So ready as I’ll ever be I take a walk down to start to watch wave one set off and get a feel for things…..to be continued.
So – we find ourselves back in Leeds again.I’ll be honest – after last years’ shambles, my expectations were low – but I also knew the organisers could not afford for things to be as bad as last year.
So – no more talk of last year – what I will say – is well done to the new organisers – this was a great event for spectators and competitors. Reputation restored!
It was a very windy weekend in Leeds, and with talk of disc wheels being banned, Chris set off to the start earlier than planned – he left the flat at 5.30am for his 7.20 am start at Roundhay. I’ll be honest, I didn’t join him, and instead got up and out onto the course for around 8.30am to see the first guys through the run – bear in mind on this new course, they had run 7.5km before they got to the city centre.
I waited for Chris on the Headrow – near Browns bistro. A good spot as I got to see him 3 times on the run, and he could meet me easily post finish, as it was on the way to the shuttle. So #Tip1 – spectate on the Headrow and get your competitor to meet you.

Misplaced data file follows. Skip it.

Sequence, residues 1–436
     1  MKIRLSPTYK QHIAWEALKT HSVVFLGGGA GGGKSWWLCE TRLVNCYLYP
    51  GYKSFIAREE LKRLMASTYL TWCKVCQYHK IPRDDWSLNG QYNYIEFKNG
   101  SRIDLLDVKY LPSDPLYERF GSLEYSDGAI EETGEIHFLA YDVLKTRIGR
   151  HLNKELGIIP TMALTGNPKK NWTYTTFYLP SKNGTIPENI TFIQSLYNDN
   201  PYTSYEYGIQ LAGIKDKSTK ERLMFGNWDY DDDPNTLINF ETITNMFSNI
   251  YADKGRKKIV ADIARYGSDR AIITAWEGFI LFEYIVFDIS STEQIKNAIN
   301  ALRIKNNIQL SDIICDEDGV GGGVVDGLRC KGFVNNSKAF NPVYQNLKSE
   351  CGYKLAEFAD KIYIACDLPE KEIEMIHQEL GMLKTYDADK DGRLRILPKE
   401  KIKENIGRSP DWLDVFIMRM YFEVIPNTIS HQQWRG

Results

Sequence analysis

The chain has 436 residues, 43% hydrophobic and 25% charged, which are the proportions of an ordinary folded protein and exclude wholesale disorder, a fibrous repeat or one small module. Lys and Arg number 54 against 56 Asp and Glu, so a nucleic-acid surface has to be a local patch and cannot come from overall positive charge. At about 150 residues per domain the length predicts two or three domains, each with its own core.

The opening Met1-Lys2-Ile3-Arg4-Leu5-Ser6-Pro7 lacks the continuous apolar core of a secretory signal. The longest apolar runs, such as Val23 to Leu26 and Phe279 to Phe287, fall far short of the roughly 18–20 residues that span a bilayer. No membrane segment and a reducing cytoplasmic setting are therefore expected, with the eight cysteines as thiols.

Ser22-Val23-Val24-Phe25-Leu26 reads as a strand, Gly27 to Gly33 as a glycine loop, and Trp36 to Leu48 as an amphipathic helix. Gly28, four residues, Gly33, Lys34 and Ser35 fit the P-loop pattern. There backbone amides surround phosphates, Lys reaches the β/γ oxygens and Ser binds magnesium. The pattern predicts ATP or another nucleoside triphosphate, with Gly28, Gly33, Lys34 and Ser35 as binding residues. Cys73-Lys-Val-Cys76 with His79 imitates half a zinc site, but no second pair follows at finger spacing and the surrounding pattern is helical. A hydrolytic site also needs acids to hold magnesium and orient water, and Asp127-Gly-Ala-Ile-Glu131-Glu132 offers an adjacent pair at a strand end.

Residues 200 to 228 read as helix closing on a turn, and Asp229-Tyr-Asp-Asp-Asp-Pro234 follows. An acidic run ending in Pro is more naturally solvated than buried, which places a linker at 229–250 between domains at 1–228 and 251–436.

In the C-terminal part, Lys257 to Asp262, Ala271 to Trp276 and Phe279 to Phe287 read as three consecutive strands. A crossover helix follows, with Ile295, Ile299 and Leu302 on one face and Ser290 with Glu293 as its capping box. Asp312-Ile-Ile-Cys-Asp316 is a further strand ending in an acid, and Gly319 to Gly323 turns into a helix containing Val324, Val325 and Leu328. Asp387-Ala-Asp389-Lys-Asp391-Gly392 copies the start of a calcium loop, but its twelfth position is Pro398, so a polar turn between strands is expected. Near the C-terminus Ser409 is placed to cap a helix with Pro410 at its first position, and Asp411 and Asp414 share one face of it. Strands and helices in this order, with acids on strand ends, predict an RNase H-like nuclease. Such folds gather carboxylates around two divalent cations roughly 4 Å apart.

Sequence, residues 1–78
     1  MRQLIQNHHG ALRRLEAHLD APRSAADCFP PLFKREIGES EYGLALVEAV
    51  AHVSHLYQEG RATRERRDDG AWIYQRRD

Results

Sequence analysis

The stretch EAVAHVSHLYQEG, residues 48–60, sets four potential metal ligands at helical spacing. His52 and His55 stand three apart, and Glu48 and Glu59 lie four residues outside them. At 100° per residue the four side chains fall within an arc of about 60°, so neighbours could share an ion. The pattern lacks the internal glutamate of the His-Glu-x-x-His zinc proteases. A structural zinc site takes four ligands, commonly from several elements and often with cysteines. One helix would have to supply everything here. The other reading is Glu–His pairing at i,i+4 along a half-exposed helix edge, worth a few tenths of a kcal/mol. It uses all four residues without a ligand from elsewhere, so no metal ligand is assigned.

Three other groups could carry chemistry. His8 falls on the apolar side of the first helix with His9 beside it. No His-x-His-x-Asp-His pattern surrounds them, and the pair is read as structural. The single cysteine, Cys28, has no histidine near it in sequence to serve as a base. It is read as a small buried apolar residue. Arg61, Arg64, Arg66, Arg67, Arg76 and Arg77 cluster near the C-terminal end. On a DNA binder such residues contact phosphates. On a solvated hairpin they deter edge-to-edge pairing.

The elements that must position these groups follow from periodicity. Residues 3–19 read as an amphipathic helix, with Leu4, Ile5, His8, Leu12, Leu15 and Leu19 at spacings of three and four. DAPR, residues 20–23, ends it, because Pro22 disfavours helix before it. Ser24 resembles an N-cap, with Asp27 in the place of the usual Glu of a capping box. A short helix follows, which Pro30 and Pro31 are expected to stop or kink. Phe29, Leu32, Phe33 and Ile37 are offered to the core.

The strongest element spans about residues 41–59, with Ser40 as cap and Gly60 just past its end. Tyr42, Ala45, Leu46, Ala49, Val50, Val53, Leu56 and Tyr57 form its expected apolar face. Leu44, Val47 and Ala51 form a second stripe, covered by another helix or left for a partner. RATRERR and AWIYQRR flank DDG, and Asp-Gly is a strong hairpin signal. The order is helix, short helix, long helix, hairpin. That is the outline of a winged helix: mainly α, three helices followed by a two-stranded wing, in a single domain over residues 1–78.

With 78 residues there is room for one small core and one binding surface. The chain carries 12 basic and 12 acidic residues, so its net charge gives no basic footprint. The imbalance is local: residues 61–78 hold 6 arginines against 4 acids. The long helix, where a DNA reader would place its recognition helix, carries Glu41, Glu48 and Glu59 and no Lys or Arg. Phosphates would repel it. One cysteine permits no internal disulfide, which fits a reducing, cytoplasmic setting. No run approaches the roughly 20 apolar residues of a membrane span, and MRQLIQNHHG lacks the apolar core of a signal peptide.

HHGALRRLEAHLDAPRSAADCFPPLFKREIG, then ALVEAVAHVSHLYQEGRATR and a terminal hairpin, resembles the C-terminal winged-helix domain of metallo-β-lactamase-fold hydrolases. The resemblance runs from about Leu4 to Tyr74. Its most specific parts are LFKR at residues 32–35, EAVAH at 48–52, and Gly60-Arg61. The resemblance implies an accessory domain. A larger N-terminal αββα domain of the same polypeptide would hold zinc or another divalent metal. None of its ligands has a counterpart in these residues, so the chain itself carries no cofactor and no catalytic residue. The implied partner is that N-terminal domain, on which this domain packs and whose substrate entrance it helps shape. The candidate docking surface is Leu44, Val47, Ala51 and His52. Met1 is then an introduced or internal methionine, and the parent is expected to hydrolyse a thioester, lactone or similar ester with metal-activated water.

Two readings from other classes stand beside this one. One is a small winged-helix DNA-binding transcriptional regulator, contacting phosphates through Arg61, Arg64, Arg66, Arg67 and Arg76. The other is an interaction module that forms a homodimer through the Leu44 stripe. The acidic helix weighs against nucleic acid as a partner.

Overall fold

As Chris was racing in the age group champs, he was ahead of the masses, however, I still think its best to get your competitor to come to meet you – as it can get tricky to cross the course at times- particularly when the masses run.
We headed towards the shuttle to get back to Roundhay to get Chris’ bike etc. All went like clockwork – again – I think because Chris was racing so early! #Tip 2 – take cash- shuttle bus was £3 for non competitors.
Collecting the bike etc was fine – albeit a climb up from transition to the car was pretty full on for someone who had just raced an olympic distance tri – it was hard enough for me!
We were lucky enough to be staying in the city centre, so were sorted and ready to watch the elites in the afternoon – awesome!
Whilst the move to one transition point rather than two reduces the opportunities you get to see your competitor, it has made the whole event run much more smoothly. And I did speak to a number of people who had driven up to Roundhay to watch the swim start, and get back down to the city to see the rest. So – if you have the vehicles, and bravery to negotiate Leeds’ mental road system, you may well get to see you competitor taking part in all 3 disciplines.
Top job Leeds – you’ve righted the many wrongs of last year.
Having entered the OSB Events spring series I got in contact to see if I could be moved into the emergency services’ wave of the Nottingham event; a race for members of (unsurprisingly) the UK emergency services or Members of the Armed Services. After a little faffing and a complete re-registration on the day, thanks folks, I was in; what’s more I got to earn series points for the Spring series as well based on my time.